Two of my favorite books to read to my sons are about eggs. One is a classic, Bread and Jam for Frances:
It was breakfast time,
and everyone was at the table.
Father was eating his egg.
Mother was eating her egg.
Gloria was sitting in a high chair and eating her egg, too.
Frances was eating bread and jam.
“What a lovely egg!” said Father.
Frances the badger does not like eggs, or most other foods. She asks for bread and jam instead. But when she begins to receive bread and jam at every meal, Frances learns the perils of getting what you want. This book has so many things: charming pictures by Lillian Hoban, an amusing, yet gently instructive tale by her then-husband Russell Hoban, several songs about jam, and (as Kate Moses pointed out in her touching memoir Cakewalk) a story about food and its role in a happy family. My mom read this to us when my sisters and I were girls, and she made up tunes to go to the songs, just as I’ve done for my sons.
The second book was given to us by my sister Ruthie some years ago. It’s the deceptively simple Two Eggs, Please written by Sarah Weeks and illustrated by Doreen Cronin, the illustrator of the Click, Clack Moo books. It’s 2 a.m. in a downtown diner. A brown bear is in the kitchen, a red fox is out front. One by one, customers trickle in; they include a taxi-driving rhino, an upright-bass playing mouse whose band has probably just finished a set when the bar closed, a construction worker ram, and a homeless alligator and his pet snake. What do they all want? Two eggs, please. (And the “please” is pleasingly repeated.) They each get a nice, big cup of coffee but the egg orders are all different. The chef is shown breaking two eggs, one brown, one white, and both the same on the inside. The simple, timeless message told with charming pictures and few words moves me every time, and I only hope its deeper message is planted and growing inside my boys, even as they enjoy the simplistic portrayal of a late night diner counter.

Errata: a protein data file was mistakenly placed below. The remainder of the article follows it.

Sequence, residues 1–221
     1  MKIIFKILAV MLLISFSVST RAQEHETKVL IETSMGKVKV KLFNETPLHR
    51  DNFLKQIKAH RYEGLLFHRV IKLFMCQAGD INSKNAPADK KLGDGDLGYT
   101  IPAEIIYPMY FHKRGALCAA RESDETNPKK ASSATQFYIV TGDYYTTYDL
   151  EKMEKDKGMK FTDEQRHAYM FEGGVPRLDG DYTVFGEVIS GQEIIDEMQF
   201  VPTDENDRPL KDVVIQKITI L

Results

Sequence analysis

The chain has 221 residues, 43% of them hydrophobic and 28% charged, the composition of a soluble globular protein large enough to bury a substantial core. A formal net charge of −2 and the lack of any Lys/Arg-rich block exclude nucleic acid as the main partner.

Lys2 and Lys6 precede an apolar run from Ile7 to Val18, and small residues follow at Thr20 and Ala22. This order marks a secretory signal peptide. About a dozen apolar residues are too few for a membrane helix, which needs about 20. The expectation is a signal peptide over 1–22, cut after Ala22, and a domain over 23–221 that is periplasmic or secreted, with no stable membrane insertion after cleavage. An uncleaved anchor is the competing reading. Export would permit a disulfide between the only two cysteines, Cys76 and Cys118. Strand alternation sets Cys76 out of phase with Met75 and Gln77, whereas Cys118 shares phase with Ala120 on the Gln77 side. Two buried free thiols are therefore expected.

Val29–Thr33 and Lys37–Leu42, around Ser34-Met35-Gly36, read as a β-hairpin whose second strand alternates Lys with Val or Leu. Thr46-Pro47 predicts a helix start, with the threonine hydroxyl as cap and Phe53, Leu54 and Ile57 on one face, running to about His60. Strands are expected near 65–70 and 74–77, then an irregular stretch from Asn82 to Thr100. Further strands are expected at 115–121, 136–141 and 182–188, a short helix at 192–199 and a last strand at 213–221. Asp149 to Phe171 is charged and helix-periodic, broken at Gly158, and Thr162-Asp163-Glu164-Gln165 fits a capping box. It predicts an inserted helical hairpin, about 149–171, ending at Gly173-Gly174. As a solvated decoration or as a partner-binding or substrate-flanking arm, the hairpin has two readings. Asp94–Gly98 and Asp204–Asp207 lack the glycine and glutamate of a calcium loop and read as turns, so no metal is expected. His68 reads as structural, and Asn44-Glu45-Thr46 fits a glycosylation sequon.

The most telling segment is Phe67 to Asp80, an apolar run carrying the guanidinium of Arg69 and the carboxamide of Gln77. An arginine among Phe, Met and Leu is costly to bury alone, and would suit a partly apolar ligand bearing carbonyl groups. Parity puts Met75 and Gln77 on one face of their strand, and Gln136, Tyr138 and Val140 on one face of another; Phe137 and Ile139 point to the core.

I eat the same breakfast every morning: a cherry pomegranate toaster pastry and a cappuccino. About two hours later, I’m finally hungry for something more substantial, and that’s when I usually cook an egg. As often as we can, we get our eggs from one of Guppy’s preschool teachers, whose grandmother keeps chickens out in the country. Check out this yolk: half as high as a golf ball, and yellow-orange like a hot sun. These are eggs from happy chickens.
And from another recent morning, one of Guppy’s and my favorite second breakfasts: a bacon/cheese scramble alongside toast with a great deal of butter (hat tip, Mercy Watson books):
Note that I’m eating the heels of the bread, as the three other people in this family refuse to. Am I eating their leavings, or fortifying myself with the part of the bread that has the most nutrients?